The rule of pleading we have to apply was stated in the early case of Bridges v. Paige, 10 Cal. 640, 641, as follows: ‘Anything which shows that the plaintiff has not the right of recovery at all, or to the extent he claims, on the case as he makes it, may be given in evidence upon an issue joined by an allegation in the complaint, and its denial in the answer. Where, however, something is relied on by the defendant which is not put in issue by the plaintiff, then the defendant must set it up. That is new matter—that is, the defendant seeks to introduce into the case, a defense which is not disclosed by the pleadings.’ (Italics added.) As of the present day this is good law. It was said in Bank of Paso Robles v. Blackburn, 2 Cal.App. 146, 83 P. 262, that facts which constitute no part of the plaintiff's cause of action come clearly within the definition of ‘new matter’. And again in Shropshire v. Pickwick Stages, 85 Cal.App. 216, 258 P. 1107, ‘new matter’ was said to be something relied on by a defendant which is not put in issue by plaintiff.

Reason and fairness forbid a different rule. A plaintiff comes to court prepared to prove his case and to meet affirmative defenses pleaded in the answer. He could not be expected to meet special defenses which are not pleaded and has a right to be protected against them. Moreover, defendant was not hurt by the ruling. He was allowed to testify without objection that plaintiff was to receive half of the profits from his trip. And from a reading of his narration of the glib and expansive sales talks he gave plaintiff it is quite clear that his promises of a partnership, like his protestations of love, were merely part of an act put on by a Lothario in the course of separating a confiding woman from her hard earned savings.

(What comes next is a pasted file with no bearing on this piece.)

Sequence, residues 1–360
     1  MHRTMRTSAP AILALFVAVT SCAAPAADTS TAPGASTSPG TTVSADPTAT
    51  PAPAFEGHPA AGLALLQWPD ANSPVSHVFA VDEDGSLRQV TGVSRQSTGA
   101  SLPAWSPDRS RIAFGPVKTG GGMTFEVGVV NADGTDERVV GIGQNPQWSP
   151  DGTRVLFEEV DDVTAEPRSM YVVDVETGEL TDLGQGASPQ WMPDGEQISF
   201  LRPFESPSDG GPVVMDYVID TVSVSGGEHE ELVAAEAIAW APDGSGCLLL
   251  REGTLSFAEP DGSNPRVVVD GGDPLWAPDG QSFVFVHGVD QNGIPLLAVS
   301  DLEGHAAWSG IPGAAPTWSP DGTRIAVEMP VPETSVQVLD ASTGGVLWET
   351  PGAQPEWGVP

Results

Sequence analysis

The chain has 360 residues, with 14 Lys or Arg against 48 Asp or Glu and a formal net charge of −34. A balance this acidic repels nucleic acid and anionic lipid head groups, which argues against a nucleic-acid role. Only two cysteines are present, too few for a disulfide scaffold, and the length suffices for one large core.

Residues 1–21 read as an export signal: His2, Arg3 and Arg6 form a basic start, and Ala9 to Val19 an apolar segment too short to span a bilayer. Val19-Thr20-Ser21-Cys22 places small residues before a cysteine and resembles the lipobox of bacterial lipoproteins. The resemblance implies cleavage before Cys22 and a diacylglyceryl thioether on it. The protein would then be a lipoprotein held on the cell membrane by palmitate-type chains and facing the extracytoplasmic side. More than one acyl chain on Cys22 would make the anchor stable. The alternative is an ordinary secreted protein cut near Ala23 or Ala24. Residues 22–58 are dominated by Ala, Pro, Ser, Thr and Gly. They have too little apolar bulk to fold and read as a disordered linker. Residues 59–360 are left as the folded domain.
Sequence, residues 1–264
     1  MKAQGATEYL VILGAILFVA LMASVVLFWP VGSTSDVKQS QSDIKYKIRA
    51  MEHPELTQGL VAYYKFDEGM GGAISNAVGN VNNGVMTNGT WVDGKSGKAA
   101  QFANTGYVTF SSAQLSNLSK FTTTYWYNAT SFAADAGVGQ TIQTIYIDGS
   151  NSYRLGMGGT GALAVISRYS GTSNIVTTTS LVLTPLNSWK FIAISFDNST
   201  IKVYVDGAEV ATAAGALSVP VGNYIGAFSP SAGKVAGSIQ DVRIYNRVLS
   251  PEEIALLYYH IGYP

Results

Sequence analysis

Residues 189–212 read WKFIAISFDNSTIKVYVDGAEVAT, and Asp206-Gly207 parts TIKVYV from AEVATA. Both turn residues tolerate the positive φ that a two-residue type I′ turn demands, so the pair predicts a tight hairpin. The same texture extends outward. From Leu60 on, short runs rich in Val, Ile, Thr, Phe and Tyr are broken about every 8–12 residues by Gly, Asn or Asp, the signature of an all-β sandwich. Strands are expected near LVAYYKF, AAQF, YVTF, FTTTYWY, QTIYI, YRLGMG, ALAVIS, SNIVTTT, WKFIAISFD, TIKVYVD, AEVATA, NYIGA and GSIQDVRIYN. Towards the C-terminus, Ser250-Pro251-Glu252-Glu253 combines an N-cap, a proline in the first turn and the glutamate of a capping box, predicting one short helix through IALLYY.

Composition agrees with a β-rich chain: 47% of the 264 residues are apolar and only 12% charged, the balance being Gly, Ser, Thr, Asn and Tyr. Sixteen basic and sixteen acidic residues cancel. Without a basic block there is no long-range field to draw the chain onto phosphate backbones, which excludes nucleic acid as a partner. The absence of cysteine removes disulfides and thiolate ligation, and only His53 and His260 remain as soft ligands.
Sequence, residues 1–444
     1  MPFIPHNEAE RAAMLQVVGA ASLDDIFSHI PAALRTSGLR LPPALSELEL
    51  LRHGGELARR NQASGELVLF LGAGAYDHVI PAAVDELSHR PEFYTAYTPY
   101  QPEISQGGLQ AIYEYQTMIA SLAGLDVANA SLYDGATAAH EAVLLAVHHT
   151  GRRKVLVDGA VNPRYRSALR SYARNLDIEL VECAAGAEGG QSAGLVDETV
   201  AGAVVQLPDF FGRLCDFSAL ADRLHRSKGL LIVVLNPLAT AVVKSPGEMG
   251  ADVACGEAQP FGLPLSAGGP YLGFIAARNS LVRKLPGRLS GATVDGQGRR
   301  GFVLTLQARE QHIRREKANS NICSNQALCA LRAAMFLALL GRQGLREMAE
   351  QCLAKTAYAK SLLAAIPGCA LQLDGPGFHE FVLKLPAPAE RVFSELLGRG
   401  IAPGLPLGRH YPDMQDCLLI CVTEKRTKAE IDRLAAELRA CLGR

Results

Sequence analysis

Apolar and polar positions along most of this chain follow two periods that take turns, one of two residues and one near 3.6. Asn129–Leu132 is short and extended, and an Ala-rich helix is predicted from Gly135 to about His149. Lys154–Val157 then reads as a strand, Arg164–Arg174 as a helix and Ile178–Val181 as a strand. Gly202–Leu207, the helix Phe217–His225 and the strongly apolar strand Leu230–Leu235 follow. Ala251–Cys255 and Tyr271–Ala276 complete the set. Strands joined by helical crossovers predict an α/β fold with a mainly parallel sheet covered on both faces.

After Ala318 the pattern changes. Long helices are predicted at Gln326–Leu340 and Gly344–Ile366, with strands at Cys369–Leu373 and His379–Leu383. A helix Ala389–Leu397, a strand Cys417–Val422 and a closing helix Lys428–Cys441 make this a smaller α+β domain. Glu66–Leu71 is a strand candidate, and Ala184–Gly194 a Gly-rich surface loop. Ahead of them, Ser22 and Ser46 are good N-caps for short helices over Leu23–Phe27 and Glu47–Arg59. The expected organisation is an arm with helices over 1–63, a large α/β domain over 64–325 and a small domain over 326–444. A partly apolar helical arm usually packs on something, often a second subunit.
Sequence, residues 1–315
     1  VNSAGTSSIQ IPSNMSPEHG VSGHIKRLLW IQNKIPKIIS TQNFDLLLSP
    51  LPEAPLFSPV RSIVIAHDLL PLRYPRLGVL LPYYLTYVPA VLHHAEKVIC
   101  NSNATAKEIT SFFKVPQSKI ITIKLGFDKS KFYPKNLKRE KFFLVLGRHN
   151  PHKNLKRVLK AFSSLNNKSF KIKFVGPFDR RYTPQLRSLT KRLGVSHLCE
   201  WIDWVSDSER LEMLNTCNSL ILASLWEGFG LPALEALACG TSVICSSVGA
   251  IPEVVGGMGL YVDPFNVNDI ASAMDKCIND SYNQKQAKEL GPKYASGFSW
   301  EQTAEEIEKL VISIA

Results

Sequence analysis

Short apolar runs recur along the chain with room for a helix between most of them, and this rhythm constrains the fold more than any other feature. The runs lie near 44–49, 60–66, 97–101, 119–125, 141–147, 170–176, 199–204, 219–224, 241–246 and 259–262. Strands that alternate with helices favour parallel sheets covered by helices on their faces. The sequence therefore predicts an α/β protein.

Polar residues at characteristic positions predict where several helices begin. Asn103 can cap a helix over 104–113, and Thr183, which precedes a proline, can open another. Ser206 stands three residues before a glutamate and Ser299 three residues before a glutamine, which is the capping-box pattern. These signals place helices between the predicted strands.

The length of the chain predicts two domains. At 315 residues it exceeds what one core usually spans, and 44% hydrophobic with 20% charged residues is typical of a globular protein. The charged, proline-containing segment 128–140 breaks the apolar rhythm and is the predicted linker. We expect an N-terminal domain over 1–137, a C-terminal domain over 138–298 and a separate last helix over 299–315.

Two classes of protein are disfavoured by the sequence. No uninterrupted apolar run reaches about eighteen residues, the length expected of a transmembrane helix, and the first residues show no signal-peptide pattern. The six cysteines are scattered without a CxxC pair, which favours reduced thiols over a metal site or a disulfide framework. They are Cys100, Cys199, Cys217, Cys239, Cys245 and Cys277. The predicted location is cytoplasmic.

While defendant pleaded that the first cause of action was barred by the provisions of section 339, Code of Civil Procedure, he did not specify either subdivision 1 or 2 as required by section 458, Code of Civil Procedure. His application to amend by pleading subdivision 1 was denied. Plaintiff says the ruling was not an abuse of discretion citing Wolters v. Thomas, 3 Cal. Unrep. 843, 32 P. 565; Overton v. White, 18 Cal.App.2d 567, 64 P.2d 758, 65 P.2d 99; Hart v. Slayman, 30 Cal.App.2d 556, 86 P.2d 861 and Davenport v. Stratton, 24 Cal.2d 232, 149 P.2d 4. Defendant cites the able and arresting opinion prepared by Mr. Justice pro tem. Patrosso in Hopkins v. Hopkins, 116 Cal.App.2d 174, 253 P.2d 723.

In view of the finding that the action was brought within two years after the debt became due, the statute, if properly pleaded, would not have furnished a good defense.

Defendant complains of the allowance of interest from the dates when the money was loaned, rather than from the date the debt fell due. There is no merit in the point. A promise to pay interest on the money was properly inferred from defendant's promise that plaintiff would be amply repaid for the use of her money.

Defendant was given a fair trial. His own testimony shows the imposition practiced upon plaintiff. The judgment is a just one and the appeal is frivolous.

The judgment is affirmed with $300 additional as damages for a frivolous appeal.

SHINN, Presiding Justice.

WOOD and VALLÉE, JJ., concur.